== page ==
Families of Fayetteville residents killed by police address city council

Janice Walker used to watch TV and pray for justice for families whose loved ones were aggressively killed.

“Now, as a grieving mother, I’m part of that statistic,” Walker told Fayetteville City Council members Monday night, eight months after her 37-year-old son, Jason Walker, was fatally shot by Cumberland County Sheriff’s Lt. Jeffrey Hash. .

Hash, who was off duty when the shooting occurred, told investigators he shot Walker in self-defense after Walker jumped onto the hood of Hash’s personal vehicle and began to drive. smash the windshield with a broken wiper.

The January 8 shooting took place in front of Walker’s home on Bingham Drive in Fayetteville.

A special state prosecutor who reviewed the case decided not to press charges against Hash.

Protesters said Walker was no threat to Hash, who shot the unarmed Walker four times.

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Janice Walker and the family of another person killed in a police shooting – Jada Johnson – were joined by other Fayetteville residents on Monday evening who say they have held the Fayetteville Police Department to account for several years.

Given just three minutes to address council during the public comment portion of Monday evening’s council meeting, Richard Iwanski’s voice crescendoed with emotion.

“I’m still very hurt and very grieving,” he said.

Iwanski’s granddaughter, Jada Johnson, 22, was killed July 1 at her home in the 2300 block of Colgate Drive after Johnson reported a group of men tried to break into the home.

The half-dozen calls Johnson made to the police on the night of her murder reveal that she used a series of excuses to try to get police to come to her grandfather’s house. Her grandparents said she feared an abusive ex-boyfriend had sent people to hurt her.

While officers were at the house, Johnson, who his family said feared for his life after a breakup, pulled out a handgun and put it to his head. Officials said Johnson was shot during a struggle to disarm her.

Johnson’s grandparents said she only threatened to harm herself.

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Iwanski told council members that officers reacted with “insidious behavior” when her granddaughter sought help during a mental health crisis.

He said officers violated department guidelines and that three days before Jada died, different officers came to the home for the same situation.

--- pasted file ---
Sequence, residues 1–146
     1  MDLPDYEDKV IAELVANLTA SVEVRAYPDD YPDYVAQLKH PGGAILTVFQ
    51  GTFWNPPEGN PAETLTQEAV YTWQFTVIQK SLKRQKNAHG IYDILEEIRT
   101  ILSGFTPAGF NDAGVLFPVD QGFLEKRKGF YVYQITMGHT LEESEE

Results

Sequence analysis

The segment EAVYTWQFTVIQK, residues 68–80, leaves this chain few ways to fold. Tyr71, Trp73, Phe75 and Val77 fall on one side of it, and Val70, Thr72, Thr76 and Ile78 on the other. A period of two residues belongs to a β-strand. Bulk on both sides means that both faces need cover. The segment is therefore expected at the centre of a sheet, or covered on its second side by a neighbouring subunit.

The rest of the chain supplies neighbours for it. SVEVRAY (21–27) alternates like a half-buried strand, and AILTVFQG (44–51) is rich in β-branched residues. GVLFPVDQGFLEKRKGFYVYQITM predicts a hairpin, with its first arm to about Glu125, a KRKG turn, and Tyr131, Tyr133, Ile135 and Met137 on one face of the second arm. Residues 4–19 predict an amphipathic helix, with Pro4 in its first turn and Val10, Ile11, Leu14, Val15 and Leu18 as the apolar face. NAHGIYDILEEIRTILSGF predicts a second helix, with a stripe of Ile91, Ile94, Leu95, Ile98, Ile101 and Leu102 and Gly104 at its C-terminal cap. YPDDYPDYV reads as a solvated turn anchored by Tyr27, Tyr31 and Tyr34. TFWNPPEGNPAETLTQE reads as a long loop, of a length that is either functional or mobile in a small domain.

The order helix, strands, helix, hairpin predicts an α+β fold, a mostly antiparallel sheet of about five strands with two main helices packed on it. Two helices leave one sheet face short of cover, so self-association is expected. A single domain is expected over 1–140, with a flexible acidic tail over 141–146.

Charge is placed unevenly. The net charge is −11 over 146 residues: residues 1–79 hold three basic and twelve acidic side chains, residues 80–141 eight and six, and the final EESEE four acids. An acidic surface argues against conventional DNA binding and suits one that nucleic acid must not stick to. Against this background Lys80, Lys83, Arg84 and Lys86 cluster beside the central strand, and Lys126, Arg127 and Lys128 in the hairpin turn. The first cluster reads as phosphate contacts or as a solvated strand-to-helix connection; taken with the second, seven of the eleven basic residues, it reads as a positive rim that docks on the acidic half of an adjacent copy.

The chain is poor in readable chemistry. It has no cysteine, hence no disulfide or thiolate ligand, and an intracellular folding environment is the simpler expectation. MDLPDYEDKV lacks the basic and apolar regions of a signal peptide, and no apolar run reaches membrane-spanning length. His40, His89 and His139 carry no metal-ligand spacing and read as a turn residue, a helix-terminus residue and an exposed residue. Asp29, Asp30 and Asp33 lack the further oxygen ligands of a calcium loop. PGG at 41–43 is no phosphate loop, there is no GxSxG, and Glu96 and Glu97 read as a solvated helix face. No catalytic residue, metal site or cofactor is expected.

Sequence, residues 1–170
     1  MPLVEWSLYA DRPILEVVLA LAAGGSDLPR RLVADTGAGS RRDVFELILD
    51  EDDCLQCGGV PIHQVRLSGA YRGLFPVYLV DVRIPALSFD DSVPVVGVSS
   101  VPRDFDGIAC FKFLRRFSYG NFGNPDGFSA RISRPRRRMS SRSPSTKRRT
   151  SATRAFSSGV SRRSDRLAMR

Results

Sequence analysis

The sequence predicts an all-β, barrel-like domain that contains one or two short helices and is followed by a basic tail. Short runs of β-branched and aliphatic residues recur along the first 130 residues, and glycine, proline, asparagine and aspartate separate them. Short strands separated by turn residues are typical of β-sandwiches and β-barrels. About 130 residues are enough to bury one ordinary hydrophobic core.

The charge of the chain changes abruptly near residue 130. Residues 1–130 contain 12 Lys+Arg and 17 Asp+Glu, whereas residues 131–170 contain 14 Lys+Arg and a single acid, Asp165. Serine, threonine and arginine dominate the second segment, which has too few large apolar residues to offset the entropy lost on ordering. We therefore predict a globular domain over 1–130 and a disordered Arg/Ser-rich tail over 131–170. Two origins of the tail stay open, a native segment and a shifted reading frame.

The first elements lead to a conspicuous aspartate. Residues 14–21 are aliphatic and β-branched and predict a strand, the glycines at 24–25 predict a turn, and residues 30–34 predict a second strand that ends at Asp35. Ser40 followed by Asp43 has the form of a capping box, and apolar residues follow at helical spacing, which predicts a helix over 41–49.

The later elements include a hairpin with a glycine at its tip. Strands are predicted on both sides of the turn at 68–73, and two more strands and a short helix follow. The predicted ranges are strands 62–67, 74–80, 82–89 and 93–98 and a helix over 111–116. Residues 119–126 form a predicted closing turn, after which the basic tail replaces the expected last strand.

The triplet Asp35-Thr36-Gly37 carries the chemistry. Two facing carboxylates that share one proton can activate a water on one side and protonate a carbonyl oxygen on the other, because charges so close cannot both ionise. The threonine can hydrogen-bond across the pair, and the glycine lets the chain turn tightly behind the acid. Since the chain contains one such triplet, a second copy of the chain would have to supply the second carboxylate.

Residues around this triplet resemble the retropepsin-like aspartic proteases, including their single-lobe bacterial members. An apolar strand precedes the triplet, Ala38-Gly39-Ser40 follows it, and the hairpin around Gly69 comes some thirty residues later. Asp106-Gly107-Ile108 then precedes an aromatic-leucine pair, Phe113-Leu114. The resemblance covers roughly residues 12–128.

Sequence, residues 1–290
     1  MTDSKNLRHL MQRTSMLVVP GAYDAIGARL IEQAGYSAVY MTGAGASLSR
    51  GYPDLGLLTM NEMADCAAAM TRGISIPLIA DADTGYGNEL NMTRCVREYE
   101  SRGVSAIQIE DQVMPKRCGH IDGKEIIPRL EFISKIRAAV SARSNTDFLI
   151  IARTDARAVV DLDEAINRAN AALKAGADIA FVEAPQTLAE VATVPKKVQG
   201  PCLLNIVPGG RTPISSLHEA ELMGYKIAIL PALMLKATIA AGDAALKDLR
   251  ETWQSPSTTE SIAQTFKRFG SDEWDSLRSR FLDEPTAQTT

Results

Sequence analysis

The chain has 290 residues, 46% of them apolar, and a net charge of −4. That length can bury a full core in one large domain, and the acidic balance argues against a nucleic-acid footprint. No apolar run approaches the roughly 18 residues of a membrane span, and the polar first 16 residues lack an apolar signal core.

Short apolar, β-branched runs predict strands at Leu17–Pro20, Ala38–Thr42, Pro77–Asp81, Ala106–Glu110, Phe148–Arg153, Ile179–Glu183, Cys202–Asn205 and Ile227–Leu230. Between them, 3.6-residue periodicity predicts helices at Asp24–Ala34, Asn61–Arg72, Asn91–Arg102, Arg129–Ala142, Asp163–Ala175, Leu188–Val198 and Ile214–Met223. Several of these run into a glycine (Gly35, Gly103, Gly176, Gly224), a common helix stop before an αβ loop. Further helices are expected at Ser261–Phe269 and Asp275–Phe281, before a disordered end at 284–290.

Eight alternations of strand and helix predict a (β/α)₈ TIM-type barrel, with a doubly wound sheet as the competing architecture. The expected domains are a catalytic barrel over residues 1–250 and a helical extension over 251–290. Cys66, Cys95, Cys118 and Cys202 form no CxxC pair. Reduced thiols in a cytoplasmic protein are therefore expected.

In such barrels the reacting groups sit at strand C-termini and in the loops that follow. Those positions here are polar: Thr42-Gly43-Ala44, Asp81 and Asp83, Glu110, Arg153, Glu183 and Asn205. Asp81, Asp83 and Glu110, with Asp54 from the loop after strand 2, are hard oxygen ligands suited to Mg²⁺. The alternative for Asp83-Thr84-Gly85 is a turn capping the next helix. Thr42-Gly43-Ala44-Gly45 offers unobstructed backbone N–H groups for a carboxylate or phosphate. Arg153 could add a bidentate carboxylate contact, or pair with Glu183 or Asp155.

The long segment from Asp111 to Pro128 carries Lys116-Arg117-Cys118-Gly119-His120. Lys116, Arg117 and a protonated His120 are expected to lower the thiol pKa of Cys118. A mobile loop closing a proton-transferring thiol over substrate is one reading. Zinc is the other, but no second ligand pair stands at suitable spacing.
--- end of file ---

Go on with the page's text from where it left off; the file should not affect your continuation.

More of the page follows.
These officers, Iwanski said, tried to help Jada.

Jada Johnson in a photo from November 2019.

The difference on July 1, he said, was the leadership that let his granddaughter down.

He asked the council to find out what happened and hold those responsible accountable.

“My goal here is to ask you for accountability, transparency and reform,” Iwanski said.

Iwanski said he also hadn’t heard any information about Johnson’s ex-boyfriend who she feared had threatened her and her family.

Angela Tatum Malloy, a doula and owner of Momma’s Village, said Johnson was still in a postpartum phase after giving birth and more local funds should be dedicated to mental health.

Dr. Vanassia Gunter, senior coordinator of Collecting Families NC, said her organization has helped more than 40,000 mental health patients in the community who are homeless.

Mental health is also personal, Gunter said.

“It’s tough when you have a family member who wakes up in the middle of the night choking you because they always think they’re deployed… I never called the police because I I was always afraid, always afraid that he would be killed or locked up,” she said.

Gunter said she thinks the police department should have a dedicated task force that focuses on mental health.

Community activist Shaun McMillian said that since the shooting of Timothy Smith Jr. in 2018, the Fayetteville Police Accountability Community Task Force, other organizations and local residents “demand local response teams in the event of a crisis on the ground for the forces of order”.

“A CRT should have been on the scene the night Jada Johnson was killed,” McMillian said. “I ask you again to make a policy change that fixes this.”

Malloy said the new city council should also consider having a police accountability review committee instead of a police advisory committee.

For Janice Walker, she wants “something to be done”.

“Do what it takes to get it done right and (we) won’t be judged on the color of our skin or our social status,” she told council members.

Writer Rachael Riley can be reached at [email protected] or 910-486-3528.

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